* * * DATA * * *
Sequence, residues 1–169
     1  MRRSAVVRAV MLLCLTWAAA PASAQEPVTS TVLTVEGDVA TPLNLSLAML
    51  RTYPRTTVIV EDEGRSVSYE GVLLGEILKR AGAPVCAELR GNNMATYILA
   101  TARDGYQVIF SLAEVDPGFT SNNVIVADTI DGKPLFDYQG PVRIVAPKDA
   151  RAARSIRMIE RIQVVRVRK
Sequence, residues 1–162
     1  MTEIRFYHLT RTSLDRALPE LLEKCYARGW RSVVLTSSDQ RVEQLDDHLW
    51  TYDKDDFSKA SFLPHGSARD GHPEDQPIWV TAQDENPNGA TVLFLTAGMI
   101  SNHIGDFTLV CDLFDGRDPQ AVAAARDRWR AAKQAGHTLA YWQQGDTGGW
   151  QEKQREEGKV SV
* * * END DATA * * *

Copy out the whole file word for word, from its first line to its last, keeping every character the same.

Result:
Sequence, residues 1–169
     1  MRRSAVVRAV MLLCLTWAAA PASAQEPVTS TVLTVEGDVA TPLNLSLAML
    51  RTYPRTTVIV EDEGRSVSYE GVLLGEILKR AGAPVCAELR GNNMATYILA
   101  TARDGYQVIF SLAEVDPGFT SNNVIVADTI DGKPLFDYQG PVRIVAPKDA
   151  RAARSIRMIE RIQVVRVRK
Sequence, residues 1–162
     1  MTEIRFYHLT RTSLDRALPE LLEKCYARGW RSVVLTSSDQ RVEQLDDHLW
    51  TYDKDDFSKA SFLPHGSARD GHPEDQPIWV TAQDENPNGA TVLFLTAGMI
   101  SNHIGDFTLV CDLFDGRDPQ AVAAARDRWR AAKQAGHTLA YWQQGDTGGW
   151  QEKQREEGKV SV